Joel Reichenberger: My Olympic Facebook faux pas |

Joel Reichenberger: My Olympic Facebook faux pas

— I'd never heard the term "fanned out" until I was interviewing Arielle and Taylor Gold about what it was like to now compete in snowboard half-pipe with some of the riders they once idolized.

"Fanning out" is when you get a little carried away with being a fan of your contemporaries. "Fanning out" is not a good thing to do.

Unfortunately, as soon as I heard the term, I knew I had once violated it.

Yep, I fanned out.

Hannah Kearney is the ideal athlete from a reporter’s perspective. Not only is she record-shattering dominant in her sport, women's moguls, she's a great interview. She's smart, quick and always willing to give your question that extra bit of thought so as to provide a real answer.

That's as good as it gets for us in the reporting world.

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I've only even interviewed Kearney once, and it was enough to convert me into a fan.

It was in December, 2009 and Kearney had just won the women's U.S. Olympic Trials event in Steamboat Springs, ensuring she'd compete several months later in the Winter Olympics in Vancouver, British Columbia.

I was a bit wide-eyed by the whole experience that winter, my first working at the paper in a lead-up to an Olympic Games. Covering the Olympic Trials was a huge highlight and getting a candid, intelligent interview from Kearney was the icing on the cake.

So, when those Olympics did come around, I was very much cheering for her on the first night of competition as she competed in Vancouver. I was positively jubilant when she flew down the hill to win gold.

Moments later, I noticed people I was Facebook friends with posting congratulations on Kearney's Facebook account.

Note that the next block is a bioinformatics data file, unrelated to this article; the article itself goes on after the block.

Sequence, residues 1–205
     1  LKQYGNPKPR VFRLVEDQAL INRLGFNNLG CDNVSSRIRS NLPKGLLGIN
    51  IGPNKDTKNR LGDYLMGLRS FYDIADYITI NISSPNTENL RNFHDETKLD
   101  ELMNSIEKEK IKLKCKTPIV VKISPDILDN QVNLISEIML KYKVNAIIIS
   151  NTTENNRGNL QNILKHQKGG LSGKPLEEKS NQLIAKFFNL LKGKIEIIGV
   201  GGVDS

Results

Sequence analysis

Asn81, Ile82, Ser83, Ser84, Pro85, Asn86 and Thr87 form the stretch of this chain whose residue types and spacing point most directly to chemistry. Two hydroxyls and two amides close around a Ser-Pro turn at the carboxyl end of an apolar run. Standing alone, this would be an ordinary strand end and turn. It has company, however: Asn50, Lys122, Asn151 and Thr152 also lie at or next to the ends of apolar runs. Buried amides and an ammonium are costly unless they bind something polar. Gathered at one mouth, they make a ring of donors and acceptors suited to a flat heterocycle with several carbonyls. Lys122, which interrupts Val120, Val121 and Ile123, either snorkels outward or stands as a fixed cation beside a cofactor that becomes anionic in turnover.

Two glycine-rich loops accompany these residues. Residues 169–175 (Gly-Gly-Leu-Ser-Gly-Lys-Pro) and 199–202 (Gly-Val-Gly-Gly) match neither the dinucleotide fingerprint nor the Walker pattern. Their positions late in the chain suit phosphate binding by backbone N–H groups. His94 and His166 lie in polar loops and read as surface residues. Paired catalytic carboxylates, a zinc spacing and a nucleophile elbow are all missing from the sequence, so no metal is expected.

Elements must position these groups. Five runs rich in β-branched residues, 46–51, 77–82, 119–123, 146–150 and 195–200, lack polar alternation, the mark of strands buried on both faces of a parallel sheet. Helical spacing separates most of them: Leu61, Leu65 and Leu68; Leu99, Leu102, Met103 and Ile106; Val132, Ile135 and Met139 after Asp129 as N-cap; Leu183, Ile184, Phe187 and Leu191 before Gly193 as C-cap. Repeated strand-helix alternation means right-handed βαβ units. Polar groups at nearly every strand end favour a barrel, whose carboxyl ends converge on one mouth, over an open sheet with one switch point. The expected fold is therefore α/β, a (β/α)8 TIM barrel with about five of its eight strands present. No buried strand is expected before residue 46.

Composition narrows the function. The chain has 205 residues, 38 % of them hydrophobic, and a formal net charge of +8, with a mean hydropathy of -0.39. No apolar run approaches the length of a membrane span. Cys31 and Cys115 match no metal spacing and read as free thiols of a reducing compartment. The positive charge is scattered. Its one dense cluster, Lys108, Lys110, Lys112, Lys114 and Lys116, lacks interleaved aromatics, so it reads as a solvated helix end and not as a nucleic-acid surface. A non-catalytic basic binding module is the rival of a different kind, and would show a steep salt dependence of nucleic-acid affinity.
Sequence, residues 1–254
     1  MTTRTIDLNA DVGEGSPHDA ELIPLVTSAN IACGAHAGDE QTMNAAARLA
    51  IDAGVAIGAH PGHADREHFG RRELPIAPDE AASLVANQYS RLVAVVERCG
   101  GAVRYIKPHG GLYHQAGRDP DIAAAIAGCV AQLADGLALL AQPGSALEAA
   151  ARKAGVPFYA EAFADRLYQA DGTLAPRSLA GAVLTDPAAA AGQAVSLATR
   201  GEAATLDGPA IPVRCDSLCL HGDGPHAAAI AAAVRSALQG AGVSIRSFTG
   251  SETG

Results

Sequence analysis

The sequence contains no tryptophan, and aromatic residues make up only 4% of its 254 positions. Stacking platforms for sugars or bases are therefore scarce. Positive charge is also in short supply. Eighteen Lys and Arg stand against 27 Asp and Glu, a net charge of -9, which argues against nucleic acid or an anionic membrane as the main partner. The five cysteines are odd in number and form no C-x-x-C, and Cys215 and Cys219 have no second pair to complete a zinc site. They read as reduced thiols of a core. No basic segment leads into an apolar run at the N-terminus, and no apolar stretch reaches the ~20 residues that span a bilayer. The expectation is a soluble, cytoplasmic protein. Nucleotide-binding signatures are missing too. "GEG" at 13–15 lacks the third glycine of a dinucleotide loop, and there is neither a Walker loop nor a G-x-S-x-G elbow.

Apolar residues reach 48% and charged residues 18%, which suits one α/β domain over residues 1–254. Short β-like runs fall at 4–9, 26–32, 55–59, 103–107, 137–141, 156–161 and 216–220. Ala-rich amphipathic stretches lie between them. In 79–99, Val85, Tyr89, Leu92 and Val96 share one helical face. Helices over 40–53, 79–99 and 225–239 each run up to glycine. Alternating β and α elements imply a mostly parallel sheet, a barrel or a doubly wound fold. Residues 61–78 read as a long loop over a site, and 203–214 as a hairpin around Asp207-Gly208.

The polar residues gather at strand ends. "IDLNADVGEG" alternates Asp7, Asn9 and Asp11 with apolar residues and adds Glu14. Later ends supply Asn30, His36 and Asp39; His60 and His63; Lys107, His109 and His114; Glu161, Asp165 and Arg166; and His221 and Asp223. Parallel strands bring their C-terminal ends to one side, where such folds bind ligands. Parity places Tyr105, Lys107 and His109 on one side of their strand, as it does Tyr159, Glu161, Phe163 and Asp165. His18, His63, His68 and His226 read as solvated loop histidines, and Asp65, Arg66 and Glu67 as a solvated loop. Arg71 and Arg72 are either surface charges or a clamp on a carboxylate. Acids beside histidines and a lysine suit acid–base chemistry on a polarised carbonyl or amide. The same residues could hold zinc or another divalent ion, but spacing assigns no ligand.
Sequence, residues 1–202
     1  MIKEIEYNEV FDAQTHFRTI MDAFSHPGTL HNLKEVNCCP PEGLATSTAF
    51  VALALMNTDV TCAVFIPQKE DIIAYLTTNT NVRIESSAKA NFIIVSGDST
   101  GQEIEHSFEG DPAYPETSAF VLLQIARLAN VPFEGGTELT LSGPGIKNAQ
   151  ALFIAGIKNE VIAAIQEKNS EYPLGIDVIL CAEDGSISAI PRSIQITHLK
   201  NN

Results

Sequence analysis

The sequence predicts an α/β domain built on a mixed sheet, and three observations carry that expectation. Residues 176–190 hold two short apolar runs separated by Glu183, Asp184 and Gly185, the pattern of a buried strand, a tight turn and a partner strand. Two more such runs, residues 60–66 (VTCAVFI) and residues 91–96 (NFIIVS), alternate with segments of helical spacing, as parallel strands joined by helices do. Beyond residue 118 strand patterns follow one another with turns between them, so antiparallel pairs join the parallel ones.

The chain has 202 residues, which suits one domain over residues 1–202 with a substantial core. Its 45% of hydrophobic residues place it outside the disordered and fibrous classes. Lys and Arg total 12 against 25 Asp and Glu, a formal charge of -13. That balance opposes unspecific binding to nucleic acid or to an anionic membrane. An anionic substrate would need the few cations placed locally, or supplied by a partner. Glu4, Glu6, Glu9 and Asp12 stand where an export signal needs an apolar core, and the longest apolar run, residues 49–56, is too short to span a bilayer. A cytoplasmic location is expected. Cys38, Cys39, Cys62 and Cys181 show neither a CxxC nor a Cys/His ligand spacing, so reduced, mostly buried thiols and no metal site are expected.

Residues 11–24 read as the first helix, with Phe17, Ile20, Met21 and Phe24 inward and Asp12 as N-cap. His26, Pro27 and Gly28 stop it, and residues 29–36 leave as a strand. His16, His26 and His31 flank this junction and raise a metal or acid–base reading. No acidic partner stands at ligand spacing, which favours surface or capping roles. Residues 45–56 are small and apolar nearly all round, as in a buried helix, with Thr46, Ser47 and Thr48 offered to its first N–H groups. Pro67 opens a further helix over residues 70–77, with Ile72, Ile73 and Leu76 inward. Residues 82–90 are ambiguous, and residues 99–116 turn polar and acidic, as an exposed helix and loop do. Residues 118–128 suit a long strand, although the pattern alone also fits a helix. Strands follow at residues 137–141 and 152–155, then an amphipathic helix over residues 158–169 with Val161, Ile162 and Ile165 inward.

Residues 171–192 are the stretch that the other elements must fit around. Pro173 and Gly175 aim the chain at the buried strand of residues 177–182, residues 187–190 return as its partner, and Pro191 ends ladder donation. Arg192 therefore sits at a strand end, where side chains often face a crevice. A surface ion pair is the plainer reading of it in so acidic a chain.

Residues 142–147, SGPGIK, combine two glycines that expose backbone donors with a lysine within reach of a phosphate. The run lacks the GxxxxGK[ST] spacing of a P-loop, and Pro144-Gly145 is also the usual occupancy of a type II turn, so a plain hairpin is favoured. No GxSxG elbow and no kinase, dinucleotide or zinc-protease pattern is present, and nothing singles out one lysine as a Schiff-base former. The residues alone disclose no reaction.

Whoa, we had mutual Facebook friends?

Heck, I figured, I've talked to her. That's generally my line in the sand when it comes to Facebook friendships: if I've met you, it's cool.

And remember, I HAD met Kearney. Sure, it was just once, but nevertheless, the requirement was reached.

So, I did it. I pulled the trigger and added her on Facebook.

About eight seconds later I began to feel like an idiot.

I don't know what got into me. Let's call it the Olympic spirit. I went a little crazy, but it didn't take long before I came back to my senses. My next step: Googling "How to cancel a friend request."

(This is before you could simply click "cancel friend request," for what it's worth.)

Turns out, it wasn't difficult. I knew she couldn't have seen it yet considering: 1) She was busy accepting a gold medal and 2) I can't have been the only person to do this, right? There had to have been a million others do the same thing, right? Right? And just think: none of those weirdos even knew her like I did.

Anyway, to cancel a friend request you just had to block the person you requested, then boom, it erased the request.

So, about 10 minutes after deciding I was such good friends with gold medal mogulist Hannah Kearney I should friend her on Facebook, I blocked her and one of my stranger Facebook forays was gone. (Until I decided to write about it, that is.)

I'm off to photograph the women's moguls finals Saturday evening, so I'll surely see Kearney there and may well get to see her win gold in person.

I'll do my best to keep the fanning to a minimum.